There are four essential British values that childminders and other early years providers are required to promote as part of their practice and care:
- Rule of law
- Individual liberty, and;
- Mutual respect and tolerance.
These values supplement the Early Years Foundation Stage (EYFS) guidelines that all registered childminders (and early years practitioners) in the UK must follow.
In this article, we’re going to share what each value means and how to apply them through different activities in your unique childminder setting. We’ll also explore what is not acceptable, and how to navigate difficult situations that may arise.
Table of contents
- What are fundamental British values in the early years?
- Democracy: Making decisions
- Rule of law: Understanding why they matter
- Individual liberty: Freedom for all
- Mutual respect and tolerance: Treat others as you want to be treated
- What is not acceptable (according to Foundation Years)
- How to bring British Values into your setting
- Wrapping up
What are fundamental British values in the early years?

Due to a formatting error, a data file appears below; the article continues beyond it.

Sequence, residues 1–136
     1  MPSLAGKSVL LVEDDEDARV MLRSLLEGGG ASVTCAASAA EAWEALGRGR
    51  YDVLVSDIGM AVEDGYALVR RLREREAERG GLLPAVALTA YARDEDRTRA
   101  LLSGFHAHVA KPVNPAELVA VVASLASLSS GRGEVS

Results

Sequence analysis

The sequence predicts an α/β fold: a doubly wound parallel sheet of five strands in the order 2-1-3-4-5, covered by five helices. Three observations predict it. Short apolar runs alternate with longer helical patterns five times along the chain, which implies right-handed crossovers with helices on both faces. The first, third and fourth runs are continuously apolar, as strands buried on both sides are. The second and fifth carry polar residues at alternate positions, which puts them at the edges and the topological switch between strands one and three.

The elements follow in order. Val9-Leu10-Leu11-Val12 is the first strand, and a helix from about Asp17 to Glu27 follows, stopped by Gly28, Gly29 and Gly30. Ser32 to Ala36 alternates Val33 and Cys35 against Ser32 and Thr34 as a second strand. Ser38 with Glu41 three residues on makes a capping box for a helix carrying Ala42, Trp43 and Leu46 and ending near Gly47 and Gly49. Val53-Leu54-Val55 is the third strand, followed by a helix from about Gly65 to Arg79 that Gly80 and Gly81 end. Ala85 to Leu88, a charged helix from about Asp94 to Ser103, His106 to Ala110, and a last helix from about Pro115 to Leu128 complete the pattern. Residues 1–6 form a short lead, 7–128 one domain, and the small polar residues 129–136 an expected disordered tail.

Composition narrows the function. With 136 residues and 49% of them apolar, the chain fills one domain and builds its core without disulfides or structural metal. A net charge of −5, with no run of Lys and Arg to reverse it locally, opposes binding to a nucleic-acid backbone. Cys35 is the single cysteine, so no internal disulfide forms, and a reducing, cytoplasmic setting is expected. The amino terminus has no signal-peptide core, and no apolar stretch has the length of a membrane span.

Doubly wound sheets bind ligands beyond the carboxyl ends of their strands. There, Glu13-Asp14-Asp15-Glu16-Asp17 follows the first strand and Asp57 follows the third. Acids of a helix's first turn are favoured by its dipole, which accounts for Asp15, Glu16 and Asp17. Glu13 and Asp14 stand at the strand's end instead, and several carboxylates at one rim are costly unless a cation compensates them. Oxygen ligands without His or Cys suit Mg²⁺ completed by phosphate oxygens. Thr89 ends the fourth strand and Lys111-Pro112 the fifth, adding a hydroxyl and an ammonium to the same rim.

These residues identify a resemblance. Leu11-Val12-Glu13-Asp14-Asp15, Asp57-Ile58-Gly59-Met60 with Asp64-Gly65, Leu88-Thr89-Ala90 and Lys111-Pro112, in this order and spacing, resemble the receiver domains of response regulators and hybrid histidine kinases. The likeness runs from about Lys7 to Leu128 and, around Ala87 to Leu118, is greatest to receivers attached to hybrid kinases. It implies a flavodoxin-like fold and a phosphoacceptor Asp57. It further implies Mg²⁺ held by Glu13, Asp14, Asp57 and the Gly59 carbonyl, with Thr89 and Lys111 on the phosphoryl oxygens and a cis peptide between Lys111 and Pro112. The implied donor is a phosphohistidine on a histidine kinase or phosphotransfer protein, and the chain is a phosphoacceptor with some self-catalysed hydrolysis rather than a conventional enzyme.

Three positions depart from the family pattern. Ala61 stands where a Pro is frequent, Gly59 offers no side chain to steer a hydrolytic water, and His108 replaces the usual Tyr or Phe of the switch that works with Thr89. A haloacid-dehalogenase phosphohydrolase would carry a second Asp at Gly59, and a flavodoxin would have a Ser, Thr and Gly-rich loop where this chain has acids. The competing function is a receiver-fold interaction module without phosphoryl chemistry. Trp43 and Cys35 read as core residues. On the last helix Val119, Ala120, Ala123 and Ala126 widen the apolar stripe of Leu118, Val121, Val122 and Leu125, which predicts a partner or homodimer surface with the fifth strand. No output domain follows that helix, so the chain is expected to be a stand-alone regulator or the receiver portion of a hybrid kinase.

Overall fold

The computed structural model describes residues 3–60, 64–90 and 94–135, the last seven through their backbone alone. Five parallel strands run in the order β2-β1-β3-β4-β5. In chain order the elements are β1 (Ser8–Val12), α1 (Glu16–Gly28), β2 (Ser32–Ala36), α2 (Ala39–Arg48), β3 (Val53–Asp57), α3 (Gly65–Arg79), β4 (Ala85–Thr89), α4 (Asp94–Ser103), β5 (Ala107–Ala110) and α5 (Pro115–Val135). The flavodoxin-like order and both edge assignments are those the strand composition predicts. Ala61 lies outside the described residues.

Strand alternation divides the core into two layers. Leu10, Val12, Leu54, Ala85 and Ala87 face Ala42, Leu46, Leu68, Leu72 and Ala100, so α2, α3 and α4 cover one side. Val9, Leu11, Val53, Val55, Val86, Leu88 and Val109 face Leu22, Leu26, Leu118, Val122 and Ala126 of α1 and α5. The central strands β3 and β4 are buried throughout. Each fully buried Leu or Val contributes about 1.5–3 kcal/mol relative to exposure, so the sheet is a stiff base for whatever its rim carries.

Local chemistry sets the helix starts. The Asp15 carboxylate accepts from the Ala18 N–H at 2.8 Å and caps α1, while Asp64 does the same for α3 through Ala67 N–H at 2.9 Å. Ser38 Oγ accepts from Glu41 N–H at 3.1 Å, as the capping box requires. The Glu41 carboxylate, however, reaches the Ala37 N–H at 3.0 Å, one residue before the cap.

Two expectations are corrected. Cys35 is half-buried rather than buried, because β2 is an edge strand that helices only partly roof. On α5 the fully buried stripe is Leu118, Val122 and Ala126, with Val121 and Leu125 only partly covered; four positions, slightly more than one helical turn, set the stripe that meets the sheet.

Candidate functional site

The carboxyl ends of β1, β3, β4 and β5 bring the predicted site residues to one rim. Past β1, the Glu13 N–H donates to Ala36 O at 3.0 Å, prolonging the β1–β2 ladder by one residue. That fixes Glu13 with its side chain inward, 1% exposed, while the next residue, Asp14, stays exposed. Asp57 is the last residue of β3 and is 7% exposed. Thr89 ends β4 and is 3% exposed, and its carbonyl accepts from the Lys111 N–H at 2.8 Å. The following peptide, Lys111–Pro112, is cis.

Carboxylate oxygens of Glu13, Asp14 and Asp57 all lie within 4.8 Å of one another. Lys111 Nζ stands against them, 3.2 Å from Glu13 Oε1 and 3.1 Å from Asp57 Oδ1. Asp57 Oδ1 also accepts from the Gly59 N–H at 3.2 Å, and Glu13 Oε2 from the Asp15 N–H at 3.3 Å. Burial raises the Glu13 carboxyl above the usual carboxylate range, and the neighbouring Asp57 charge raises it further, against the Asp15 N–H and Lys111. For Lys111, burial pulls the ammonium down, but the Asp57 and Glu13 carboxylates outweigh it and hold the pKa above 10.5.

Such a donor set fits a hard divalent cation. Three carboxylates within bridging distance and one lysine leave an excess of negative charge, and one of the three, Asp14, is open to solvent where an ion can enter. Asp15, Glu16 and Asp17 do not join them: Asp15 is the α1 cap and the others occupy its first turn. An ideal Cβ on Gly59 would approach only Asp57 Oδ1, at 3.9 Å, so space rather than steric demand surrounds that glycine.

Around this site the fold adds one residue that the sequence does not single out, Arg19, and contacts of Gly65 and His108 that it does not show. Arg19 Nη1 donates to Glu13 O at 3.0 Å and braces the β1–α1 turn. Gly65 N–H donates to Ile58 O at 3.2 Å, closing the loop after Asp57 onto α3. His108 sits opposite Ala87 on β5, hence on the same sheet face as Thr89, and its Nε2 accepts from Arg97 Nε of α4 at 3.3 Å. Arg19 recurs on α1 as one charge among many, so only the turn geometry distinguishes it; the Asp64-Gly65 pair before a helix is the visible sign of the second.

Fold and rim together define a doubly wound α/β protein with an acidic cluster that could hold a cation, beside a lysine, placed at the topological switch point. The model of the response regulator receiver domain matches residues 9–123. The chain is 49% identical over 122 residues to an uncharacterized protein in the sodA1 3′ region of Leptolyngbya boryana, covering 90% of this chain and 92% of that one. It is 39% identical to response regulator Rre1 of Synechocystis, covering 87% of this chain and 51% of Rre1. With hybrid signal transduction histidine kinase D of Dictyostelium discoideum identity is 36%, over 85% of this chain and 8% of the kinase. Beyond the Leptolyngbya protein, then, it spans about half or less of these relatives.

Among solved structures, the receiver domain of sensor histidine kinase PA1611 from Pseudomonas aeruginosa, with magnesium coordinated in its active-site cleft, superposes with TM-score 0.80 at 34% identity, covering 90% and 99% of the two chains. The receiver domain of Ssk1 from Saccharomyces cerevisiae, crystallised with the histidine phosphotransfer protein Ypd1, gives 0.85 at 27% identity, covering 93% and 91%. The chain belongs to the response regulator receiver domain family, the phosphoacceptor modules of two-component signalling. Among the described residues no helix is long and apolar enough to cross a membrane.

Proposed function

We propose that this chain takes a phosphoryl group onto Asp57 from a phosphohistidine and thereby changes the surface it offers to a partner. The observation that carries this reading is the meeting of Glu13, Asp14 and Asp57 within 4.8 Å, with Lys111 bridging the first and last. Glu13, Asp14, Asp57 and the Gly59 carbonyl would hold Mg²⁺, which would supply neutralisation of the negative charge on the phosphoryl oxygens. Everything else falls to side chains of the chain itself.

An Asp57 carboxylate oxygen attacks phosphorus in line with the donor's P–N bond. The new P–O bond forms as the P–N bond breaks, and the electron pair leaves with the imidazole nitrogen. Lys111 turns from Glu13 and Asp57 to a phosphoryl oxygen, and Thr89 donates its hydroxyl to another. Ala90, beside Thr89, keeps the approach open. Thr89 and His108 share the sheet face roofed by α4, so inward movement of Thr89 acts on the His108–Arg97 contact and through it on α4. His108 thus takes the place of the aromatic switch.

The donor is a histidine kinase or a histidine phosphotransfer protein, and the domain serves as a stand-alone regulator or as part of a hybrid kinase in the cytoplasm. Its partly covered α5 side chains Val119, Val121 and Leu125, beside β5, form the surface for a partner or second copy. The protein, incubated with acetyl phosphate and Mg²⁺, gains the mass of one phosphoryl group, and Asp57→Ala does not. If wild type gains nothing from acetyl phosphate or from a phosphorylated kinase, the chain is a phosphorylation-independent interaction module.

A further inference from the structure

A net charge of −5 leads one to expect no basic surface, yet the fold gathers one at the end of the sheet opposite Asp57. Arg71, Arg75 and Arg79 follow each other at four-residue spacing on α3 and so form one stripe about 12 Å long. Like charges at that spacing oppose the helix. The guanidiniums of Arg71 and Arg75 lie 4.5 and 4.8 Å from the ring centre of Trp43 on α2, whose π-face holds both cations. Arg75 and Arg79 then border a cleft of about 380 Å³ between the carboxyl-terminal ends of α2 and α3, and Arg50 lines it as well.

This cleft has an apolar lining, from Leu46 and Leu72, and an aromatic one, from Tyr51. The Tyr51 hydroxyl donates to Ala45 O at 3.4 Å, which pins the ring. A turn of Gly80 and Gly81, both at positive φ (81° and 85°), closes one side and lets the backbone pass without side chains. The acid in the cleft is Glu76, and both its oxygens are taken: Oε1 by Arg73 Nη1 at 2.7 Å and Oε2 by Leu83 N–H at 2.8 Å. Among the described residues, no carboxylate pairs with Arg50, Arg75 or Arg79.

The EYFS framework was created under the Child Care Act of 2006 and sets the standards for the education, welfare, and social and emotional development of British children from birth to five years of age. It contains all of the legal responsibilities that a childminder must meet regarding a child’s health, learning, safety, and development.
In essence, the EYFS framework outlines codes of behaviour and values to give young children a strong and secure foundation; one with equal opportunity and anti-discrimination at its core.
The British Values Prevent duty, on the other hand, which stipulates the four tenets of the British values mentioned above, has only been a law since 2014 (implemented since 2015).
So, what is the difference between the EYFS Framework and the British Values we’ll be explaining in this article?
The EYFS framework broadly stipulates standards and values for how to provide high-quality, supportive education in the critical early years. It notes that high-quality early years education has significant benefits for children that last into adulthood. These include increased literacy and numeracy skills, emotional regulation, socio-emotional improvements, and higher overall wellbeing.
The British Values Prevent duty law was specifically created as an act of counter-terrorism. We know that sounds intense, especially for early years education, so bear with us.
The law is meant to complement the EYFS guidance and add further insight into how to protect children (in addition to safeguarding rules) who may be vulnerable to radicalisation and other extremist views.